Suzanne is an American living with her family in Japan. In Suzanne’s words, “I live in Japan, on the island of Shikoku, but I’m an American, born and raised in Michigan, and most recently from South Carolina. I spent a semester in France during my junior year of college, which ignited my appetite for travel. Thinking I’d see a different part of the world, I signed up for the JET Program,  a one-year stint assisting English teachers in public schools in Japan. While I was on the program, I met and fell in love with a Japanese P.E. teacher, and I’ve been here ever since.”

In today’s interview, Suzanne tells us about how she and her family have integrated into the Japanese way of life, who the national heroes are in Japan,  Japanese Culture Day (what a great idea!) and even the complex recycling system that the Japanese practice! Suzanne has also written a novel and two short stories about life in Japan, which you can read more about here.

Tell us a bit about yourself. How would your friends or family describe you?

I’ve always been interested in other cultures, and in reading and writing. As a kid, I was the one at family gatherings tucked away in a corner, lost in a book. I think my social skills are a bit more developed now. I’d like to think that my family would describe me as international, open-minded, and creative.

If you would describe yourself as multi-cultural, tell us a bit about what culture you most identify with and why. What culture do your kids most associate with?

When I’m in Japan, I feel American, probably because I can’t ever entirely fit in here. That gives me a degree of freedom, since there are so many rules. My children mostly identify as Japanese, although they are proud and appreciative of their American heritage. For example, my daughter loves kimono and flower arrangement and manga. She joined the tea ceremony club at her junior high school, and her hyper-attention to others strikes me as very Japanese.

Can you describe a typical day for you?

I wake up and eat breakfast with my family. (Today was miso soup mixed with rice, with some vegetables on the side.) I take my daughter to school, then go to one of the universities where I teach English as a Second Language part-time. Then I pick up my daughter from school, come home, go shopping, and make dinner. In the evenings, I watch DVDs of American movies with my husband. Somewhere in there, I try to fit in some exercise – a walk by the river – and maybe a little reading and writing.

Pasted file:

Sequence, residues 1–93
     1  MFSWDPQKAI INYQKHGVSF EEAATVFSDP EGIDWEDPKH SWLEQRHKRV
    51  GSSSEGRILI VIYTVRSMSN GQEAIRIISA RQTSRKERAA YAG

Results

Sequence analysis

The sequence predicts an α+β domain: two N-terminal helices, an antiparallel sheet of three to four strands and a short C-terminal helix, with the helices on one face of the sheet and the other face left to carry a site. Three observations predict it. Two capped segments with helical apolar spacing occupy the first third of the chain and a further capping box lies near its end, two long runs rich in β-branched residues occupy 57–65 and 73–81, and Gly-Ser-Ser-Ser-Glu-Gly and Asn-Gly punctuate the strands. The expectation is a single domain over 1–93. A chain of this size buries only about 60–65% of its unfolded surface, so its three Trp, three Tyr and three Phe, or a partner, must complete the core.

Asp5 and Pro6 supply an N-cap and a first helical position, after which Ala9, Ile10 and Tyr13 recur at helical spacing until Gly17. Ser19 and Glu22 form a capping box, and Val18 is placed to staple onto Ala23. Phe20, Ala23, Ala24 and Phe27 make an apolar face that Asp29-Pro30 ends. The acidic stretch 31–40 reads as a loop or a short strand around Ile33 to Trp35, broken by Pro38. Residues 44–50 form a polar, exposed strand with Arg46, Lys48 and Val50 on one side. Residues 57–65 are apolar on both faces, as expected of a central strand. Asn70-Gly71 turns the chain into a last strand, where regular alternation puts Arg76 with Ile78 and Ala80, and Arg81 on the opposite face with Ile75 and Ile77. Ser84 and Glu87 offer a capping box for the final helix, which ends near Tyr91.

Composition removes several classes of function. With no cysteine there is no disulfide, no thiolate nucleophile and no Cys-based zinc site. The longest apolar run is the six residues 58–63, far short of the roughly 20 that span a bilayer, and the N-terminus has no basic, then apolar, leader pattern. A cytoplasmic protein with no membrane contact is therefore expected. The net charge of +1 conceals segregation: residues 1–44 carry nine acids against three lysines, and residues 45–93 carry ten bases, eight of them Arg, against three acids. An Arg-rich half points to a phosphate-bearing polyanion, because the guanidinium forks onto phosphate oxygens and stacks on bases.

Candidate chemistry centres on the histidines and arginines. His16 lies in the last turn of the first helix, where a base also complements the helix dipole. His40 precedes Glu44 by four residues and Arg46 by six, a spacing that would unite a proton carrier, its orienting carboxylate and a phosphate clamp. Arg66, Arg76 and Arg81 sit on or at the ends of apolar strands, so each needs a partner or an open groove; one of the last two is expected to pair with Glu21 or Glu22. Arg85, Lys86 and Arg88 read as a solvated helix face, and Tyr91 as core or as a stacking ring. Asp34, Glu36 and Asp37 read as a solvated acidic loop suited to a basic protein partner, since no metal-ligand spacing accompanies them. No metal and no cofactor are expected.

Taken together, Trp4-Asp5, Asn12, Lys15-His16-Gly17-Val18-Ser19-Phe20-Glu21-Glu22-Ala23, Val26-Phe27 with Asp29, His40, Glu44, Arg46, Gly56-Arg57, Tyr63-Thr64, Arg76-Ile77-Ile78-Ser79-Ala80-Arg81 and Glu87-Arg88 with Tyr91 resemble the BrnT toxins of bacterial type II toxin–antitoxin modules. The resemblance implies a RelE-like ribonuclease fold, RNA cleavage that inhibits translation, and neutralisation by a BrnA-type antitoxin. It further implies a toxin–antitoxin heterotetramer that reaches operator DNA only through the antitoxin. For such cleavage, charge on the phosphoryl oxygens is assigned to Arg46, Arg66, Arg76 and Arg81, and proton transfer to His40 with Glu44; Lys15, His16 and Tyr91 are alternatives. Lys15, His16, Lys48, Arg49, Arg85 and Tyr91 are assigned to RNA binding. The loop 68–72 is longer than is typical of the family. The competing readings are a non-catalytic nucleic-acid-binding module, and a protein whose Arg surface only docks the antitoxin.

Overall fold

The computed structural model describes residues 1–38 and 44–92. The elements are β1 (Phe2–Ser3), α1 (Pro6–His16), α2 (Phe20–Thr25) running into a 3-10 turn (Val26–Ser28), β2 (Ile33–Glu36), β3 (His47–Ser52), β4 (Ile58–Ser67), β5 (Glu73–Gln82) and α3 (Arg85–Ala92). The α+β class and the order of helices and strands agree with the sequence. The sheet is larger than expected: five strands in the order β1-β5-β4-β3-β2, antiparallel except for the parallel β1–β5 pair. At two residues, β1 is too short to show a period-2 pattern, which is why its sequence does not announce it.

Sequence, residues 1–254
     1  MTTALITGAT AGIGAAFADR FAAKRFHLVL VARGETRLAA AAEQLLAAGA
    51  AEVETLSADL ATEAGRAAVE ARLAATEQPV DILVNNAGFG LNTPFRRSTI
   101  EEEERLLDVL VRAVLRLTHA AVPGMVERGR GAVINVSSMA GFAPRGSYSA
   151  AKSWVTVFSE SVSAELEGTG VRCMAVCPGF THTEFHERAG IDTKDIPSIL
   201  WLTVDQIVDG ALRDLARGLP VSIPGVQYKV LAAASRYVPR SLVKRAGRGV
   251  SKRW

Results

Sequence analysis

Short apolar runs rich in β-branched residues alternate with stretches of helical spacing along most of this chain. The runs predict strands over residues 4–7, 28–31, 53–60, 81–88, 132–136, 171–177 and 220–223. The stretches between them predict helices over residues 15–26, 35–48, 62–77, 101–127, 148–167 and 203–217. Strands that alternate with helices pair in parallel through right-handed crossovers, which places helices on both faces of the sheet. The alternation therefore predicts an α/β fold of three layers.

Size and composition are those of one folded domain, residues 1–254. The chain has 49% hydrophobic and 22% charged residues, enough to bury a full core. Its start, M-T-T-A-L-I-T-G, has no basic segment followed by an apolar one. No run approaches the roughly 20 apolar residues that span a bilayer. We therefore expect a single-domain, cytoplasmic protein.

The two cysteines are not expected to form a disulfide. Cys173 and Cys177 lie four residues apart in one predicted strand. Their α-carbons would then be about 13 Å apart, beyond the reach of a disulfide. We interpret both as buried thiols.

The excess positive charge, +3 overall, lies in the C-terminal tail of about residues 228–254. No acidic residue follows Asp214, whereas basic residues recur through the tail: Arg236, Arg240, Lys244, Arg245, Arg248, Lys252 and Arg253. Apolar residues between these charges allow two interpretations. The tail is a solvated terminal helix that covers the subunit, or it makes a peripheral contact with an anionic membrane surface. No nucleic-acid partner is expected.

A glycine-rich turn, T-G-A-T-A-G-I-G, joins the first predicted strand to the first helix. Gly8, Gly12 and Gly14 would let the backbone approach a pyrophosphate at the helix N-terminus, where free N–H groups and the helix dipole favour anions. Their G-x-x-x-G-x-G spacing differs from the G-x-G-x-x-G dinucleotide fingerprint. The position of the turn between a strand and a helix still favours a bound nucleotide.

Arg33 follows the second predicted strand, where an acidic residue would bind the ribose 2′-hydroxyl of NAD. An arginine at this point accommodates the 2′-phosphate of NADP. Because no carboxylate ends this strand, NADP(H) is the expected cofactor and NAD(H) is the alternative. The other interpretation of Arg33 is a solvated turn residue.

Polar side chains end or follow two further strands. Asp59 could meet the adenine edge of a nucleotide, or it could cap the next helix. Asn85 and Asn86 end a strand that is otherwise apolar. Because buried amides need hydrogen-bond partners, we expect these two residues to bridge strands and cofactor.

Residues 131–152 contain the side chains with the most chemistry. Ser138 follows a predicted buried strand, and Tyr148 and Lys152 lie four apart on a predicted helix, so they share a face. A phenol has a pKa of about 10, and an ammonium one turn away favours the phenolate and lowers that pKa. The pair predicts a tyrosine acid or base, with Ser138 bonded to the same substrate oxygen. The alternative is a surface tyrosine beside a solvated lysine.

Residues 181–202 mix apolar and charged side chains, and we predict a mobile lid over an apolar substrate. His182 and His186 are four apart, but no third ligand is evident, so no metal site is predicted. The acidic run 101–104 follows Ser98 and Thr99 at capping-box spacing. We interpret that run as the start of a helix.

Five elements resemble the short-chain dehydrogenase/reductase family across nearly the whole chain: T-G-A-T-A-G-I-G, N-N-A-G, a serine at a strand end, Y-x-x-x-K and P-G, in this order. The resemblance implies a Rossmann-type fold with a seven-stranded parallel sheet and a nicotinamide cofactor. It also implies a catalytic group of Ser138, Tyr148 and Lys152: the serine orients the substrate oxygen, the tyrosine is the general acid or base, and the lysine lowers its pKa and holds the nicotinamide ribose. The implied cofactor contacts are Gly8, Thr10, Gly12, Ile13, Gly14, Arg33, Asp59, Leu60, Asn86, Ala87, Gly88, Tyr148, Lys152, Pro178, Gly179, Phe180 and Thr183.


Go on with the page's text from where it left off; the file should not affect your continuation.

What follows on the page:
What is the best part of living in your country? The worst?

There is very little crime in Japan, and people are generally very civil, which makes life pleasant. I also appreciate the comprehensive healthcare system here. And the sushi! The worst part would be that people in rural Japan, where I live, tend to be very conservative.

What books or films would you recommend someone who’d like to know more about your country?

Well, I’ve written a short story collection, The Beautiful One Has Come, and a novel, Losing Kei, which give a pretty accurate view of life in this part of Japan, I think. I’d also recommend the novels Ash and Orchards by Holly Thompson, If You Follow Me by Malena Watrous, the memoir At Home in Japan by Rebecca Otowa, and the short story collection Green Tea to Go by Leza Lowitz. As for movies, I’d recommend the films Departures and Hula Girls.

 What languages does your family use on a daily basis?

Japanese, English, and Japanese Sign Language. (My daughter is deaf.)

 Tell me about a national hero in your country. Who are they and what are they admired for?

Since group effort is applauded in Japan, I’d say that the Japanese National Women’s Soccer Team, known as Nadeshiko Japan, are among the biggest national heroes at the moment. This scrappy group of women managed to defeat the American Women’s Soccer Team in 2011, to become World Champions, bringing much-needed cause for celebration to a nation in distress from the triple disaster of 3/11 (earthquake, tsunami, nuclear meltdown).

 Tell me about your favorite holiday, and what cultural traditions you practice to celebrate on that day.

I like Culture Day. I like it that Japan has a day for celebrating culture! On that day, we might visit an exhibition of art by local townspeople, or write poetry, or go to a concert.

 Describe a favorite typical meal from your country

Ginger pork, a bowl of rice, miso soup, and a side of vegetables is one of your favorite meals. We usually drink barley tea with meals. We like sushi, too, but it’s rather expensive and only for special occasions.

What’s something that visitors are often surprised by when getting to know your country/culture?

Maybe they would be surprised by the extent to which Japanese people separate their garbage. In a nearby town, residents are required to separate their trash into over 40 categories!

About the author

Carrie is an American who just moved from Bali to Mendoza, Argentina. Carrie caught the wanderlust bug early on from her parents, who raised her in Mexico City. Carrie and her husband David have lived in New York, London, Barcelona, Costa Rica, Rio de Janeiro, Montevideo, and Bali before moving to Mendoza. They are actively working to pass on the travel bug to their young son Timmy, who has already been to twelve countries.